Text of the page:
On early Saturday mornings, Amina Elshafei and her younger sister Eman would wake up to the clanging of pots and pans – an indication that their parents were in the kitchen, pickling, stuffing and baking mounds of fresh produce bought during their weekly trip to one of Sydney’s many farmers markets.
Elshafei’s mother was born in Seoul, while her father is Alexandrian. The family’s mixed heritage usually meant that by lunchtime, the four would sit down to a meal of equally mixed dishes, from kousa and batinjan mah’shee to homemade kimchi. The scent of fermented seasonal vegetables and spiced ruz would waft its way throughout the house.
‘I grew up with my parents always cooking together, side by side,’ says Elshafei. ‘But they were both full time workers, so depending on who was home, we’d get to eat their specialties.’
A self-taught home cook and full time pediatric nurse at Sydney Children’s Hospital Network, Elshafei tried out for the television show MasterChef Australia on a whim in 2012 at the encouragement of her sister, and to her surprise, made the cut.
She quickly became a favourite among fans with her chirpy personality, impressive Egyptian and Korean dishes and witty one-liners. Though she didn’t win the televised competition, the show gave Elshafei exposure, opening up a number of doors – like the opportunity to publish a recipe book. In ‘Amina’s Home Cooking’, which was released earlier this year, the cook- turned-author shares her culinary passion with a wider audience.
‘I don’t like being called a chef, because I haven’t gone through the appropriate avenues. I don’t want to take that title away from people who’ve gone through the process of getting a culinary education,’ Elshafei says, commenting on her lack of formal training.
‘I’m a home cook. Being on the show, I was able to tell people, “Hey, this is Korean food. This is Middle Eastern food. It’s great, and you can do it in your kitchen.”’
The foundation of Elshafei’s cooking can be traced back to Saudi Arabia, where her parents met and fell in love. Her mother was a nurse (‘Saudi was a hotspot for foreign nurses back then’) and her dad was an accountant. The two met through mutual friends at the hospital that they both worked at. ‘It wasn’t quite Grey’s Anatomy,’ says Elshafei. ‘Expats knew expats.’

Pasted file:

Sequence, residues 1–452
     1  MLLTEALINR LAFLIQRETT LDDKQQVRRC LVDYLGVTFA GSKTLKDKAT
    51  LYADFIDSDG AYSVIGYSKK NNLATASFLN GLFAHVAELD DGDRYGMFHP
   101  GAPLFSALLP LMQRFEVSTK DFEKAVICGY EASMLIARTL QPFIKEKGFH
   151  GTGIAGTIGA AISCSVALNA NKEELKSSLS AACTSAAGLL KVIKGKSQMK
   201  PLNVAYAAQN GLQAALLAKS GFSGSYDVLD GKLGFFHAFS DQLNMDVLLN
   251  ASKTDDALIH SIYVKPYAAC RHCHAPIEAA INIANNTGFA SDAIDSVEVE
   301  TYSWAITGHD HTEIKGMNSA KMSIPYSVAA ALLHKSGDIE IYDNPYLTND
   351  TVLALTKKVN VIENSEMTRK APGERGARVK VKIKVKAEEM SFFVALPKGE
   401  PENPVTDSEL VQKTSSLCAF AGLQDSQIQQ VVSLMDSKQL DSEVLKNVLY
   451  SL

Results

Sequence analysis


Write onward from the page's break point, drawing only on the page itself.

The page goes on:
The family moved to Sydney in the late 1980s, after Elshafei’s mother Injoung found a nursing opportunity in Australia, which was recruiting foreign medical professionals, as Saudi had done. As the sisters grew up, they held onto their roots in different ways: Eman, keener on languages, absorbed both Arabic and Korean, while for Amina, food provided a reliable connection.
But Elshafei acknowledges that her and her sister’s affinity for their parents’ cultures isn’t a given. She points out that it’s not rare for first- generation children to not know their mother tongues, or to even identify with their parents’ respective cultures later in life.
‘Being the first immigrants of their family, my parents found it difficult without that immediate familial support, I think,’ she says. ‘It was very important to hold onto their cultural systems and values, and a lot of that was reflected in the food that we ate.’
Elshafei also notes the similarities between Middle Eastern and Korean values – especially when it comes to raising children. Her parents’ backgrounds complemented and reinforced one another, and spoke through meals on the table.
‘Those dishes we had growing up,’ she says, ‘told stories.’ Preferring not to mix the two cuisines, Elshafei’s dishes tend to stick to their origins, such as an Alexandrian style snapper with fresh tahini, or a rainbow bowl of bibimbap served with a fried egg on top.
But there are some culinary commonalities that Elshafei loves to cook and talk about. Ask her about her favourite ingredient, for instance, and Elshafei will speak about garlic as though it’s a family member she can’t wait to see. The same goes for pickling and fermenting vegetables – another common craft in both cultures.
‘Garlic is so wonderful. That Lebanese garlic spread – man, I could eat that by the spoonful,’ she laughs. ‘Garlic is elementary for both Korean and Middle Eastern cuisine. It’s just beautiful, with that aroma that carries on through the house. You know it’s going to be a fabulous meal when you smell garlic.’
As for pickling, Korean cuisine, Elshafei says, tends to include it more. It’s a guaranteed part of the day’s three main meals, and there are over 200 forms of fermented dishes to learn – each one catering to the vegetable at hand.
In Egypt, pickling is based on the use of salt rather than brine, with lemons the common component (as opposed to turnips and olives, like in Levantine countries). ‘Koreans take it a little far – they even pickle garlic as part of kimchi,’ Elshafei explains.
‘Korean fermentation techniques are so diverse – I still have a lot to learn. I only know a select few.’ For now, Elshafei continues to work fulltime as a nurse while pursuing her various kitchen endeavours on the side. On ‘Amina’s Alchemy’, her website, she posts recipes and chronicles her culinary travels, with Malaysia the most recent addition to the list.
‘Coming from a very culturally and ethnically diverse family, cooking as a career was a big no-no. My parents were very much against the whole idea,’ she reflects. ‘But today, my home cooking skills have helped others learn. I’m really happy with the way things have turned out.’
This article appears in Brownbook’s July/August 2015 issue.
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